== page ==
Every woodworker I know wants to get better at design. Yet it’s hard to carve out time to devote to it. Perhaps it’s because most of us go it alone. Design like any skill responds to our time and attention, but progress often comes in fits and starts.
I’ll be teaching a design workshop at Marc Adams School of Woodworking the week of August 27th through the 31st. It’s a chance to make a significant leap in your design journey. You’ll leave the workshop on a whole different level equipped with tools to develop your design skills with purpose.
It’s not quite as magical as making your own water but it’s pretty close. Our latest book “From Truth to Tools” explores how artisan geometry was the flame that ignited the ancient builders imagination. And no less miraculous, gave them the ability to create a tool set out of thin air. That square you have in your tool box may have come from a factory but it really came from simple artisan geometry. Here’s the best part. You can make your own water, I mean tools out of thin air.
Not only will you get a great set of layout tools uniquely suited to woodworking, but also gain a deeper understanding of artisan geometry. Jim Tolpin and I have been working on a video series “Building Tools from Truths” to walk you through the build process for making your own tool set. Our first offering covers tools for the layout of straight lines. Here’s a link if you are interested in learning more.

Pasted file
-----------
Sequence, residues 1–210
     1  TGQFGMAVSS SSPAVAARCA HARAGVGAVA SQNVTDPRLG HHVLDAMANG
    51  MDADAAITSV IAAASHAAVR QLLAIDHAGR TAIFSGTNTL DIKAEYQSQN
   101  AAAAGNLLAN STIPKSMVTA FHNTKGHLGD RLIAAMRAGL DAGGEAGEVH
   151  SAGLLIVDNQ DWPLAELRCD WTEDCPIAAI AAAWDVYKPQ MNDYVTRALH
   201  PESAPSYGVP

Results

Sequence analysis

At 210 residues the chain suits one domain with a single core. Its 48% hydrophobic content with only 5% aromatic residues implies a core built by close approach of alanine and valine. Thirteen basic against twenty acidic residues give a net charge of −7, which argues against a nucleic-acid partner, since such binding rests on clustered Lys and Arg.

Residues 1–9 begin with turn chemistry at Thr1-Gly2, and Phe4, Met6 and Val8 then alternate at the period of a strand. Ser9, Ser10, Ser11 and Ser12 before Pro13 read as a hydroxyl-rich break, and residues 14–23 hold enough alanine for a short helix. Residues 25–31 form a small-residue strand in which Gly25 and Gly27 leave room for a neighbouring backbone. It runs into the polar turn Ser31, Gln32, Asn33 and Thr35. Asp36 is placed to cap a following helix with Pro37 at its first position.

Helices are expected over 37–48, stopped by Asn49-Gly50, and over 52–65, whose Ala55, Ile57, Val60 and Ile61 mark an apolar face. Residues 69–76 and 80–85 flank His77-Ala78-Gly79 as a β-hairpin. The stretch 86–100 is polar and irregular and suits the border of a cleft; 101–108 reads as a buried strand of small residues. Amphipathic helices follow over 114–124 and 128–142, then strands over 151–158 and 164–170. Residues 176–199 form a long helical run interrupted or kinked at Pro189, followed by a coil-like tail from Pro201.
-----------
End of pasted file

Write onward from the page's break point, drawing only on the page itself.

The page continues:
Richard Grell knows drawknives. He’s been building Windsor chairs for a living more than forty years. That’s a forest of trees sculpted into an armada of chairs. Along the way he’s tweaked and refined his own user tools to a high level. Now the best part. Richard is now making his own version of his favorite drawknife and inshave.
I’ve been using Grell’s drawknife for about a year. The word drawknife doesn’t do it justice, it’s a two handed sculpting tool. First thing that strikes you is the balance. It flips effortlessly in your grip to slice with either push or pull stroke. The cutting edge geometry in relation to the handles give it the control of a spokeshave for fine cuts yet it also can hog off material without complaining. Take a look yourself at these two short video clips to see it in action.
One of the perks of being married to an artist is that we share a lot about design and the creative life. Barb’s always introducing me to her artist friends and mentors she admires. Here’s one of the greats, Wayne Thiebaud sharing his insight on a great masterpiece at the Met. Late in the clip he laughs about how the painting is just a bunch of cheap tricks.
You can say that about almost any great piece of music, painting, sculpture, or chair. Every detail by itself is just a cheap trick. But successfully blending a basket of tricks together may take all you have in you. I’ll be down in Cincinnati for Woodworking in America WIA in just a few weeks sharing a tool tote full of cheap tricks. Hope to see you there.